With the Democratic Republic of Congo facing its second major Ebola outbreak this year, emergency responders have worked to contain the spread of the disease. Scientists, meanwhile, are testing the effectiveness of experimental vaccines in the field.
Alongside these efforts, researchers in the DRC are collecting data that will improve how we respond to, and prevent, future outbreaks of Ebola and other infectious diseases.
Their work involves building a comprehensive picture of how diseases like Ebola spread by tracking cases and mapping where people live, work and seek health care.
Over time, a more sophisticated understanding of the environments through which contagious diseases spread will lead to faster, more effective treatment.
Long-term response efforts
Anne Rimoin is an associate professor of epidemiology at the UCLA School of Public Health. She’s also the director of the UCLA-DRC Health Research and Training Program, an effort based in Kinshasa, Congo, that’s been underway for 16 years.
Rimoin returned to the U.S. last month from fieldwork in the DRC. She told VOA that her group is collecting data that will benefit responses to not just Ebola but emerging infectious diseases as well as.
“In an outbreak, you have to understand where people are and what their patterns of travel are. Where they’re going, where they’re working, where their fields are,” Rimoin said. “If you don’t know where things are, it becomes very difficult to define a response.”
Collecting this kind of data is especially important in a country like Congo, where small, unmapped villages checker vast forests, and the infrastructure hasn’t, for the most part, been developed.
“The DRC is a very large country,” Rimoin said. “There haven’t been good, accurate maps of the DRC available to date.”
High-tech and local knowledge
Rimoin’s group partners with several organizations, including the DRC’s Ministry of Health, the World Health Organization and the Centers for Disease Control and Prevention, part of the U.S. Department of Health and Human Services.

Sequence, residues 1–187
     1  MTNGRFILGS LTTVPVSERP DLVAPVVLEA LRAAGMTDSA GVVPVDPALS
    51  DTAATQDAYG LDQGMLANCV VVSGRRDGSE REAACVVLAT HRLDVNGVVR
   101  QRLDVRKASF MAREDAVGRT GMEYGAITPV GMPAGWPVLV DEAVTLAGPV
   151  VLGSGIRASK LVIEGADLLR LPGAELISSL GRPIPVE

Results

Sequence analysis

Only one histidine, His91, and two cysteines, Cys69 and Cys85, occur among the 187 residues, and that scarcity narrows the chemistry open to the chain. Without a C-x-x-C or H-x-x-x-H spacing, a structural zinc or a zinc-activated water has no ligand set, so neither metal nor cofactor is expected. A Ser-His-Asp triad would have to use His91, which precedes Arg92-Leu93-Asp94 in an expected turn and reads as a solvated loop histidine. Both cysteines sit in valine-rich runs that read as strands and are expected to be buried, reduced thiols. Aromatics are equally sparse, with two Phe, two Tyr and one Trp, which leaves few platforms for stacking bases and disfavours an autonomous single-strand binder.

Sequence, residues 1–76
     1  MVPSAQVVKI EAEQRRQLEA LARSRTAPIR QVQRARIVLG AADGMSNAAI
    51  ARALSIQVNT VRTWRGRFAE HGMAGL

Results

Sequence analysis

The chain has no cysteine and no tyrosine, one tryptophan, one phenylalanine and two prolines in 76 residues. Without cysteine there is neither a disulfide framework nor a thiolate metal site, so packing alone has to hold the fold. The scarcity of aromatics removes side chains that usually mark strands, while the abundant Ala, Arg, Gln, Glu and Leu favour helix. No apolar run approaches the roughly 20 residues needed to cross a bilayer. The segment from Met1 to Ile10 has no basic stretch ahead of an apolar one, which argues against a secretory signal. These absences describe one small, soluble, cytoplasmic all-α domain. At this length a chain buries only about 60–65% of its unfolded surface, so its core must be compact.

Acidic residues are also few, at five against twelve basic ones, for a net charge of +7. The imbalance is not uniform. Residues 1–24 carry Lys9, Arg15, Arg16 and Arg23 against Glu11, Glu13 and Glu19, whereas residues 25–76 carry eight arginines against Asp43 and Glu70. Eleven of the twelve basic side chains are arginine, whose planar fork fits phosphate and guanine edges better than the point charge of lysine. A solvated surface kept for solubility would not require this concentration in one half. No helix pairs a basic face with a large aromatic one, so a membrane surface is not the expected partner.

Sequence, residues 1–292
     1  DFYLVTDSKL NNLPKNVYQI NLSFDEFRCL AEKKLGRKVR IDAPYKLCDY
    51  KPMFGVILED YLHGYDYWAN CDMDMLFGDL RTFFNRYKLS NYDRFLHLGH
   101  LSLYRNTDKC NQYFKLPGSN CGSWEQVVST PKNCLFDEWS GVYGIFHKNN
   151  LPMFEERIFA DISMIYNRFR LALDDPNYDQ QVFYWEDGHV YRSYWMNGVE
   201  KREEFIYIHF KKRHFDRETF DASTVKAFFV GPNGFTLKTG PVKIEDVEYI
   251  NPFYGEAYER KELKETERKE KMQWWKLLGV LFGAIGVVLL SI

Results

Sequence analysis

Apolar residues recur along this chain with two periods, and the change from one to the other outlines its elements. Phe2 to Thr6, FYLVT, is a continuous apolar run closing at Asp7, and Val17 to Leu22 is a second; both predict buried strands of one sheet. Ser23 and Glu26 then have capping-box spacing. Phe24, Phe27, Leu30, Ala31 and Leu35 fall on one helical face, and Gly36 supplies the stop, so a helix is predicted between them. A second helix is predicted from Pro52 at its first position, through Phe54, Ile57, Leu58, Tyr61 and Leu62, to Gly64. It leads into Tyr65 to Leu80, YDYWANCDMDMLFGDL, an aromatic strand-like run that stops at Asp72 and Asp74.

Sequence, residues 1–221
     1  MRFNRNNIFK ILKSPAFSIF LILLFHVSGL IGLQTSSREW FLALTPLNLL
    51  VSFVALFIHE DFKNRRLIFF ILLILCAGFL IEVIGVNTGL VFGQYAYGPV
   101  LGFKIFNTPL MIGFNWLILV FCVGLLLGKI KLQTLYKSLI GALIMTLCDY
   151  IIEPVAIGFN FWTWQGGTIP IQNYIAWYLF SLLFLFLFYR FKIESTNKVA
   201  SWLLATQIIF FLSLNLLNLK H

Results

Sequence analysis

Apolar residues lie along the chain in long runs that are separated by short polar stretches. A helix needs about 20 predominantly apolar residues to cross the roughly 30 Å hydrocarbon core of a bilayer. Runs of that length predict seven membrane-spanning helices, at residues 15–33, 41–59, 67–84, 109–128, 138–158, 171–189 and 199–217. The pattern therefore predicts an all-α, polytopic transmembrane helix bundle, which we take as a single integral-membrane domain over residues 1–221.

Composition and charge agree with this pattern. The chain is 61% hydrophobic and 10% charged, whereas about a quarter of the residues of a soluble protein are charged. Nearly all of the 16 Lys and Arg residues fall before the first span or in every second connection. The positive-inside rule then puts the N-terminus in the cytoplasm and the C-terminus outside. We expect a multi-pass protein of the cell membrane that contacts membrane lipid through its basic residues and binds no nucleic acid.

Rimoin said the Health Research and Training Program in Kinshasa uses a mix of high-tech solutions and local knowledge. The group analyzes satellite imagery to understand the terrain and population centers in the DRC. But they also rely on insights from residents to compile a more accurate and complete data set.
These data-collection tools allow Rimoin’s team to figure out not just boundaries but human activities, including traffic flows and health centers.
They plot important landmarks like roads, rivers and health centers. They also track exposure to health care workers and people who have been vaccinated to compare them to other populations, building a more complete understanding of how prevention drugs work.
“It’s important for data to be available so that you can look for trends between outbreaks and try to find commonalities and try to be able to quickly ascertain similarities between outbreaks,” Rimoin said.
Working with local populations is critical to the project’s success. It’s these experts who know the terrain and the population, and that expertise often proves invaluable, especially when faced with skepticism from residents about the efficacy of vaccines.
By partnering with local organizations and international efforts with a long-term commitment to the country, Rimoin said, the Health Research and Training Program is better positioned to work with communities to understand their needs, concerns and beliefs.
“It’s really important to work with people who are there all the time — not parachuting in,” Rimoin said.